Somewhere amidst all the chaotic chatter over the Supreme Court’s decision on health reform and upholding the individual mandate, you might have heard a brief murmur about a ruling on Medicaid expansion. If this were the movie, “Beaches,” the individual mandate was Bette Midler and Medicaid expansion was Barbara What’s-her-name.
However, the Supreme Court’s ruling that it is unconstitutional to force states to expand Medicaid or face a hefty fee deserves a lot more time in the spotlight. Let’s take a look at what went down with Medicaid yesterday.
What is Medicaid, anyway?
Medicaid is a program that provides low-income Americans with health care. Each state runs their individual Medicaid program under guidelines that the federal government has set and the fed pays a large sum of money to each state to keep the program running. This large sum varies between states, but the average amount the federal government pays each state is 57 percent of the bill.
Medicaid is basically the least expensive health insurance available. Medicaid-eligible individuals include low-income children, parents and those with disabilities. While it provides a necessary service to our nation’s poor, there are definitely limits to its coverage and it does not pay health service providers very well at all.
What was being ruled on in the first place?
The Patient Protection and Affordable Care Act (PPACA) included plans to widely expand the Medicaid program throughout the country. The law aimed to make Medicaid available to everyone with an income under 133 percent of the federal poverty level. Using the most current data, anyone who made $14,856 annually would be eligible, regardless of age or health condition.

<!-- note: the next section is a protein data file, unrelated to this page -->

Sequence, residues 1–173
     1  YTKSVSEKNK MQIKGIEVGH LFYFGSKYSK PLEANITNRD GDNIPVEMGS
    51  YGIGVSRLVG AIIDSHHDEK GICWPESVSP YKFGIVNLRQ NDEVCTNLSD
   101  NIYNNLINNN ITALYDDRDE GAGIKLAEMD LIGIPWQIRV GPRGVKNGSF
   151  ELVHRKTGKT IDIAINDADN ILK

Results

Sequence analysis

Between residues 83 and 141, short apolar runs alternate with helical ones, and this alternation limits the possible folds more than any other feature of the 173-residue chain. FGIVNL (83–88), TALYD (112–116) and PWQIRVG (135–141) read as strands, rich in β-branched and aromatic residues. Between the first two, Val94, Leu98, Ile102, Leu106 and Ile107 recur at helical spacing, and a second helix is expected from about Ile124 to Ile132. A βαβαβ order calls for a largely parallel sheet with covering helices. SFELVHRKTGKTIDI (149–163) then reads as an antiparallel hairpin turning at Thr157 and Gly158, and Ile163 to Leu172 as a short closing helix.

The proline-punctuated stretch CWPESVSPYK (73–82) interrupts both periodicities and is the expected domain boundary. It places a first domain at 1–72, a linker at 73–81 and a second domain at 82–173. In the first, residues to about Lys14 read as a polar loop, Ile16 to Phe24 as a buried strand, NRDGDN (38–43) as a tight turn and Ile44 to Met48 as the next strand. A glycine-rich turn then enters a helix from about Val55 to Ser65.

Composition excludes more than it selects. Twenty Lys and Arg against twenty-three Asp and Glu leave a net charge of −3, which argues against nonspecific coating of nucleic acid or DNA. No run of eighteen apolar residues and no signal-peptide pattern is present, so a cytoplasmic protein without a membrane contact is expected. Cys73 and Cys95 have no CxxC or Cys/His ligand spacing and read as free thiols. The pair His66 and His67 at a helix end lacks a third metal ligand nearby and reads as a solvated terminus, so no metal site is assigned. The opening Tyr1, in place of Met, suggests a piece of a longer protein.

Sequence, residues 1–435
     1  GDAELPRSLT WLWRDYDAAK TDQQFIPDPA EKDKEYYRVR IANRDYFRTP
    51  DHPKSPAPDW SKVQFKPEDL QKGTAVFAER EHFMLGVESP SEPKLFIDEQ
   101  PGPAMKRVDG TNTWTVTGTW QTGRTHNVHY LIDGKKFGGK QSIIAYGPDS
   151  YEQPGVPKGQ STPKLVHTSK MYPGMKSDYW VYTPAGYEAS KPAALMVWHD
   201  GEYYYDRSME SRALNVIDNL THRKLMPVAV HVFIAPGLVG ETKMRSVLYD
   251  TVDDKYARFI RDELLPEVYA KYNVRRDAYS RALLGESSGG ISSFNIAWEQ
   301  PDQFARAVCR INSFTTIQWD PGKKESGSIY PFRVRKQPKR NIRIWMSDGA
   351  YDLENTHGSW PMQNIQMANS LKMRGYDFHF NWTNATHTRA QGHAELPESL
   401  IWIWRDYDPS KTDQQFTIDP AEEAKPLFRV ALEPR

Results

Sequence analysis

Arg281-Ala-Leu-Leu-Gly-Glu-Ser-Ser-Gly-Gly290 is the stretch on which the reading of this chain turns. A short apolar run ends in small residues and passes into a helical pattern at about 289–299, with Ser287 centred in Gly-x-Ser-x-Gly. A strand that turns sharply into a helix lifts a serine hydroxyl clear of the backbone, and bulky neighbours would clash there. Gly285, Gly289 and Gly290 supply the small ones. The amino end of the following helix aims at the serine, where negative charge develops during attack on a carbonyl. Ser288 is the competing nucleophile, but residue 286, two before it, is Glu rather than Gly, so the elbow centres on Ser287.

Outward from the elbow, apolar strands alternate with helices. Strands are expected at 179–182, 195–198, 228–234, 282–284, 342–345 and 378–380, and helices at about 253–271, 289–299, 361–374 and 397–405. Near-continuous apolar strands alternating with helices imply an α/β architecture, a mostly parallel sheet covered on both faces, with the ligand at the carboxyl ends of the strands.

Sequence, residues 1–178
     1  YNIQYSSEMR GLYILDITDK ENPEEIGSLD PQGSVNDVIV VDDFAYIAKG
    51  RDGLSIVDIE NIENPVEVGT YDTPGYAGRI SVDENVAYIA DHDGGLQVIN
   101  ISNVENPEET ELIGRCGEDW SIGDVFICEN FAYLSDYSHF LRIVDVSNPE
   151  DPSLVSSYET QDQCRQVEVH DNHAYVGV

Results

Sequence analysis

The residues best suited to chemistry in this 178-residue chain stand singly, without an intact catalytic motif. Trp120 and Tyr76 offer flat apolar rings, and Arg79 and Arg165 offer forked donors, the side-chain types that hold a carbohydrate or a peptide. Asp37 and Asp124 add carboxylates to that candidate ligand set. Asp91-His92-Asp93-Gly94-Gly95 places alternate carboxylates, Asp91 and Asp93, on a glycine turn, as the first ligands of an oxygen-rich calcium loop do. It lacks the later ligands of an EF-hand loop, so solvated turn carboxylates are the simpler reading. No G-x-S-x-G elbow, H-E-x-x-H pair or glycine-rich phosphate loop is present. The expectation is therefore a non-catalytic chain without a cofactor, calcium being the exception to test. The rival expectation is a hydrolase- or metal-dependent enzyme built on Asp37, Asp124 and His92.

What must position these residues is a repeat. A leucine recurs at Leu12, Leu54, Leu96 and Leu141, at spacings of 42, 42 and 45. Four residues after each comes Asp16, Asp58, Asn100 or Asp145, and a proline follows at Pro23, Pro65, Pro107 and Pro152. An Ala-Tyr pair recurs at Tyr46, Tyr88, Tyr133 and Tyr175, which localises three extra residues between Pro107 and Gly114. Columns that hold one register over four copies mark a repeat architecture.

The cost of the expanded Medicaid would initially be paid in full by the federal government. After several years, each state would have to pay 10 percent. Here’s where many states (26 to be exact) started to get upset: Failure to take the federal government up on their offer of expanding Medicaid could result in them losing their existing Medicaid funding. The 26 states were basically feeling blackmailed into expanding Medicaid coverage.
What was the final ruling?
The Supreme Court agreed that it was coercive and unconstitutional if the law worked to take away a state’s existing Medicaid funding. Justice Roberts stated, “In this case, the financial ‘inducement’ Congress has chosen is much more than ‘relatively mild encouragement’ – it is a gun to the head.
States have some critical decisions to make. Just because they now have the option to not expand Medicaid coverage doesn’t mean they won’t. Around 9 million people were expected to gain coverage in those 26 states as a result of the PPACA.
Keeping in mind that there is a huge financial incentive – 100 percent of care covered for newly added Medicaid participants for the first 3 years – it is expected that state governors will be pressured by their citizens to accept the terms.